Language Arts and Mathematics Literacy - These represent two essential areas of learning. The progress that New Jersey has made in reading literacy must be protected and expanded. All students should be expected to read and write at a high level across the curriculum, and all teachers must be trained to support this. The recommendations of the Mathematics Task Force should serve as a guide for immediate systemic change in mathematics instruction in New Jersey.

Assessment - Assessment must be viewed primarily as a tool to promote student learning and only secondarily as a means to assess district or school performance. All state-wide tests should be strictly aligned to the Core Curriculum Content Standards. Testing should not take priority over learning. Individual and class test results must be made available to teachers in order to appropriately influence teaching. Standardized assessments administered below the high school grades should be viewed solely as diagnostic with an eye towards improving the quality of teaching and learning. The nature of high school proficiency testing should be reviewed and altered as required to promote high standards and multiple opportunities for students to meet those standards.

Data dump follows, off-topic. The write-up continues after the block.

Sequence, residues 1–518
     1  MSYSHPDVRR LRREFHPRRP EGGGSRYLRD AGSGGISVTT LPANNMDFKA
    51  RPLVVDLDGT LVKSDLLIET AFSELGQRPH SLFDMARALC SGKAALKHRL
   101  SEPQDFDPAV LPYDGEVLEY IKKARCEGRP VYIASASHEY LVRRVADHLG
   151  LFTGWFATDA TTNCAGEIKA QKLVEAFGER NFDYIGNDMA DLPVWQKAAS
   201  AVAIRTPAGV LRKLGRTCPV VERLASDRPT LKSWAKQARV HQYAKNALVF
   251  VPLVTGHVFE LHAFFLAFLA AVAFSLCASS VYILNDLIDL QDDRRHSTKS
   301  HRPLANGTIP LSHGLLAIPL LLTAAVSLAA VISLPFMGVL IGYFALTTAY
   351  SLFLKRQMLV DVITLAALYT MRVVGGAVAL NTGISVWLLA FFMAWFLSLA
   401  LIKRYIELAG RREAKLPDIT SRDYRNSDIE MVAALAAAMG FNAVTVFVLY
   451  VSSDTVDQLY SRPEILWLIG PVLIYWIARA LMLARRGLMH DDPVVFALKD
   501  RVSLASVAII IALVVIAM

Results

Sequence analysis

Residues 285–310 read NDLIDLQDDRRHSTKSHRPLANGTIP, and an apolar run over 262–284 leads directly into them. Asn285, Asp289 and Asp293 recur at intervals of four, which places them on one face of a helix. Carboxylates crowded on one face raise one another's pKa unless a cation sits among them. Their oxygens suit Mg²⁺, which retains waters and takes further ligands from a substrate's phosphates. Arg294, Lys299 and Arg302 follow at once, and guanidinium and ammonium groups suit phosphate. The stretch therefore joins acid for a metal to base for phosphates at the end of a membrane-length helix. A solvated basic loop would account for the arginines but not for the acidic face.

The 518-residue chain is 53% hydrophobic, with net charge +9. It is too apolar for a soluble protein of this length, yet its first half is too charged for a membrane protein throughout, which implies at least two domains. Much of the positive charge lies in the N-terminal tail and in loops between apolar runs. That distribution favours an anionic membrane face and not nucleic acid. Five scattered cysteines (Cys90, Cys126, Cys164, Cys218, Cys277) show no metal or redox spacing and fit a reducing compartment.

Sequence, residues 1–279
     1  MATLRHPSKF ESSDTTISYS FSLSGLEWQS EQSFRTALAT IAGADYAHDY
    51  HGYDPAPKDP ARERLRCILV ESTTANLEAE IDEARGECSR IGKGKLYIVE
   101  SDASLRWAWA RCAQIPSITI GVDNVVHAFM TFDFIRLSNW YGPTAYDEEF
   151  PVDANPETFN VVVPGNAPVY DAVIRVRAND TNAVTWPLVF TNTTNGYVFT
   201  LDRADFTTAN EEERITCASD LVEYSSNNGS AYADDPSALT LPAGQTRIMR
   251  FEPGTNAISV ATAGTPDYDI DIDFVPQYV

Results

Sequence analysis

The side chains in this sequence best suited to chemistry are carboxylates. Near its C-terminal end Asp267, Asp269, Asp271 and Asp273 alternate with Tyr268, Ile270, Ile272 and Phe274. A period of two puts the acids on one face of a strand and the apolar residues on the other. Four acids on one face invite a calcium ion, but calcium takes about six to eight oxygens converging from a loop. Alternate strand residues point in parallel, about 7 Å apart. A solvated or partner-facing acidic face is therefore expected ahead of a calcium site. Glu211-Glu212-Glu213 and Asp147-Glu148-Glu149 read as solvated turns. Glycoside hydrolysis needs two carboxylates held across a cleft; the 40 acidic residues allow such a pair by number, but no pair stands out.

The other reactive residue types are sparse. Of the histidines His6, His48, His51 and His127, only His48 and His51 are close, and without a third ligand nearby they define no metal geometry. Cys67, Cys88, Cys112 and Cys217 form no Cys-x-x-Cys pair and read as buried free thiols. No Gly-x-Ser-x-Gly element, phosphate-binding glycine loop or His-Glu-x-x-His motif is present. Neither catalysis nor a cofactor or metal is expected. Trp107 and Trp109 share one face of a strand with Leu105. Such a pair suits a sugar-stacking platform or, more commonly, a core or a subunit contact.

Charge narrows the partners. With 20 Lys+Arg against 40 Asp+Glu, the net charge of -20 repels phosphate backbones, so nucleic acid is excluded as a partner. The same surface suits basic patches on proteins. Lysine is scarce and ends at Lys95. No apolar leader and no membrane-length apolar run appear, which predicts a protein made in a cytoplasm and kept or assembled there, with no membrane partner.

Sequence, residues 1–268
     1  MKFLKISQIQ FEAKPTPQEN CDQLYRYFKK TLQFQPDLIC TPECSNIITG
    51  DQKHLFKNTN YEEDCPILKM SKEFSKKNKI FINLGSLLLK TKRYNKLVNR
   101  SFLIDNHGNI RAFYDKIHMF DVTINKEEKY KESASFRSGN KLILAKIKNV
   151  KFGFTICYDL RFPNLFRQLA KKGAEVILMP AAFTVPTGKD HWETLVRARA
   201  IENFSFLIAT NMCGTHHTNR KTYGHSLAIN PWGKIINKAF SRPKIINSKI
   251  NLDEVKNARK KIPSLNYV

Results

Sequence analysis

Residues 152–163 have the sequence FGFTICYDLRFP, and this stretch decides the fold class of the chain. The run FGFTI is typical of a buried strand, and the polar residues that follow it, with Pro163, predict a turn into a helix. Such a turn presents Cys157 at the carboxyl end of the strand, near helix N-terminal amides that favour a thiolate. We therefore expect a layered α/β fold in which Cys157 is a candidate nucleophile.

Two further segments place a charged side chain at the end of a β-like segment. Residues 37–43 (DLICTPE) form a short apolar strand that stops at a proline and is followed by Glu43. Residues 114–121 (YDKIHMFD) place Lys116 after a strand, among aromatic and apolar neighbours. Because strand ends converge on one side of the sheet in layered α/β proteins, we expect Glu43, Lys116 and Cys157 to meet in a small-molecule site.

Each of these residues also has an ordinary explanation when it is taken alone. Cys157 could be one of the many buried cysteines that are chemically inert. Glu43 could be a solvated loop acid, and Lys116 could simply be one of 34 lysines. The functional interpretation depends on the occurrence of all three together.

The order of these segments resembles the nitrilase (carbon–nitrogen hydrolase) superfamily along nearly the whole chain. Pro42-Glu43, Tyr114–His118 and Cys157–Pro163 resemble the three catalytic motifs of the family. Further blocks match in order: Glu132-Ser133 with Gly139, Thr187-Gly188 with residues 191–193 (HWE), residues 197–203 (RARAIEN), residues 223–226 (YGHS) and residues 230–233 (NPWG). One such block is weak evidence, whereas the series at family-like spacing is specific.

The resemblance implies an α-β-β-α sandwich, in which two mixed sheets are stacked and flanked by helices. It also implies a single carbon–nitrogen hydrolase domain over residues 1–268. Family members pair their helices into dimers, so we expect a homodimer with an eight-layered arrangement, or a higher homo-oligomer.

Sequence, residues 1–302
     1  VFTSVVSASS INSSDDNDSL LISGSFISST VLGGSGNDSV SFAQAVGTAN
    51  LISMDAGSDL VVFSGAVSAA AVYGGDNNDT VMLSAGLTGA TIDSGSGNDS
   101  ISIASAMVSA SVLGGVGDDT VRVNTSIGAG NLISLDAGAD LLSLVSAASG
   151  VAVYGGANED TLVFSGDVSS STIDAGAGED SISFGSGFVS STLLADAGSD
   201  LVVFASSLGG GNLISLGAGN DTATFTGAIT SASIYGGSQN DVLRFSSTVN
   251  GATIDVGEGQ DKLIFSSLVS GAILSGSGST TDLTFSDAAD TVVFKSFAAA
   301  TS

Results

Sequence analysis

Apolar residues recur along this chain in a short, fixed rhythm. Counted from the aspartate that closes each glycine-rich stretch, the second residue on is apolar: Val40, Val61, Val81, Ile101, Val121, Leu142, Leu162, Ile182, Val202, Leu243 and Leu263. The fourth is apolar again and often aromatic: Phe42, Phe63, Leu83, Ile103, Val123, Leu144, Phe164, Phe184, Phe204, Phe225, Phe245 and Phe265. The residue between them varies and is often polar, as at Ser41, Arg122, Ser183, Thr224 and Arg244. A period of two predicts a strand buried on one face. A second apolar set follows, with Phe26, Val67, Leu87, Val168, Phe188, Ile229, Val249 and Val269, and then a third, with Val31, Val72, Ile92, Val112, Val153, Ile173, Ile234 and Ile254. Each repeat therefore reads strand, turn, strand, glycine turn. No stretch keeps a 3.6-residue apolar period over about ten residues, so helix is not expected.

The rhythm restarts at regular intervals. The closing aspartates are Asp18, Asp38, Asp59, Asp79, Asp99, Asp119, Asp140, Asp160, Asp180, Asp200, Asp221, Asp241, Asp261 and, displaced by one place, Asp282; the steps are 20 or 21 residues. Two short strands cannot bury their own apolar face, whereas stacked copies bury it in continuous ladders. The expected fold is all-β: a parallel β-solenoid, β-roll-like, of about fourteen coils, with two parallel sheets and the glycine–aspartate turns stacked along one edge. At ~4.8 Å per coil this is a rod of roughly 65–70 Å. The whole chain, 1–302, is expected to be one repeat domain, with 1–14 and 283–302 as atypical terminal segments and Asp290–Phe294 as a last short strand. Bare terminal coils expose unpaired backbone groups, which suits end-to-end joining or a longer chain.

International Education – International Education is critical for New Jersey to become more competitive in the global marketplace, attuned to homeland security, and for cultivation of leadership in innovative and entrepreneurial research and development. To be globally competitive, international education must be integrated in the teaching and learning of all students.  This includes the study of world languages, culture and geography.

Vocational Education - New Jersey’s Vocational Schools are a rich source of opportunity and educational innovation. A new State Vocational Plan must be developed which will continue to support quality programs and allow for diverse educational opportunities for vocational and comprehensive high school students.

Funding - This is the most critical of the six priorities. The State Board of Education is committed to working with the Governor’s Office and the Legislature to develop a funding system that satisfies the "Thorough and Efficient" clause of the New Jersey Constitution. Any new system must address the issues of equity, provide adequate funding of Abbott districts, allow local districts the flexibility they need to provide quality education, alter our state’s over reliance on property taxes to fund education and aid districts in the cost of educating students with disabilities.